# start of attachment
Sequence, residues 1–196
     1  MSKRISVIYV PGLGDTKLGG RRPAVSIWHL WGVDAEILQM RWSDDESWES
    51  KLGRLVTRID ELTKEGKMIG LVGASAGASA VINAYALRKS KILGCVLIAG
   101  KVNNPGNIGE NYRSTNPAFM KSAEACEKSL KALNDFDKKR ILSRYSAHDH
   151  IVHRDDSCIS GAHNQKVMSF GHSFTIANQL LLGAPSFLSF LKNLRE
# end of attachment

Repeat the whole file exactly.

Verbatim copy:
Sequence, residues 1–196
     1  MSKRISVIYV PGLGDTKLGG RRPAVSIWHL WGVDAEILQM RWSDDESWES
    51  KLGRLVTRID ELTKEGKMIG LVGASAGASA VINAYALRKS KILGCVLIAG
   101  KVNNPGNIGE NYRSTNPAFM KSAEACEKSL KALNDFDKKR ILSRYSAHDH
   151  IVHRDDSCIS GAHNQKVMSF GHSFTIANQL LLGAPSFLSF LKNLRE